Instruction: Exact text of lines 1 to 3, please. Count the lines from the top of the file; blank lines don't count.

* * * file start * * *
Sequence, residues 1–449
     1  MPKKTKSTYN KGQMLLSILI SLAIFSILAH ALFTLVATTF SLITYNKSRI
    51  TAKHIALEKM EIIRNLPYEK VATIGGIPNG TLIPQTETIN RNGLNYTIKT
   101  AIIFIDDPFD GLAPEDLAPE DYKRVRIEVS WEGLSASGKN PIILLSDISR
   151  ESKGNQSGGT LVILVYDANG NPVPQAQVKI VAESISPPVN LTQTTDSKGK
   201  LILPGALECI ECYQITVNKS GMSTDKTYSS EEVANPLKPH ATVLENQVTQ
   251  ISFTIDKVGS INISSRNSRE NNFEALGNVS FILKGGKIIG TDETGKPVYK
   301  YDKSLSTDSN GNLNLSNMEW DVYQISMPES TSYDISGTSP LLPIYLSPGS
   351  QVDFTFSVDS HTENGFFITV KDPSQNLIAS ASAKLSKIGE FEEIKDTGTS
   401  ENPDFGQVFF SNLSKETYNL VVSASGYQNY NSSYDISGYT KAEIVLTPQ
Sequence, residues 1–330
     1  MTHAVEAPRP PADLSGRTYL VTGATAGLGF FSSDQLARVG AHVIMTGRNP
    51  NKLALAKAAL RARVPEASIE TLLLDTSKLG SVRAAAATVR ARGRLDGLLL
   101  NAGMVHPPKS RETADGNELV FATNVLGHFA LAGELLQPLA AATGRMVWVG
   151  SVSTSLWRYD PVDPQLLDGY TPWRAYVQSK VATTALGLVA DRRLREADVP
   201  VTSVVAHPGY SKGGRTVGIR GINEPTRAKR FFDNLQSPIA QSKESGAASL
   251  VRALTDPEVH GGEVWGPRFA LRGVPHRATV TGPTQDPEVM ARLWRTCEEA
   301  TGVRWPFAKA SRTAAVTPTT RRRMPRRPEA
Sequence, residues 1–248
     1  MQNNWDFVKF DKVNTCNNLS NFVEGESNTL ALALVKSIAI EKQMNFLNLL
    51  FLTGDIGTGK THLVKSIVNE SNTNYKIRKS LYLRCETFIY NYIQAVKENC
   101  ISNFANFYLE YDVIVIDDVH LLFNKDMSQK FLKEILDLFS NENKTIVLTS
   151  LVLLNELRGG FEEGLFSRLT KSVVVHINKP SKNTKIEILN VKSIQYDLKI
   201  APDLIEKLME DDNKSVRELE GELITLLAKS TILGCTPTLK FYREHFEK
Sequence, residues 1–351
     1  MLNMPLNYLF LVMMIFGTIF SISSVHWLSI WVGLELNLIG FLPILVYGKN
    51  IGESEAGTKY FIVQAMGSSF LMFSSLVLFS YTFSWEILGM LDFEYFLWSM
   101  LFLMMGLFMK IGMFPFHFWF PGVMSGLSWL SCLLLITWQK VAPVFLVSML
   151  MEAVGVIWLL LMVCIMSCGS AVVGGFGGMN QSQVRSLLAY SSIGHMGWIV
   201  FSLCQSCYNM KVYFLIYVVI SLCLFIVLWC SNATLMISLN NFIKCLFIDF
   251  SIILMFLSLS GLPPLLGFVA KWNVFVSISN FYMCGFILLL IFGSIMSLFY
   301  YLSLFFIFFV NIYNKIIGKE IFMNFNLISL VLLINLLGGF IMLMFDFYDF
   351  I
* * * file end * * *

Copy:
Sequence, residues 1–449
     1  MPKKTKSTYN KGQMLLSILI SLAIFSILAH ALFTLVATTF SLITYNKSRI
    51  TAKHIALEKM EIIRNLPYEK VATIGGIPNG TLIPQTETIN RNGLNYTIKT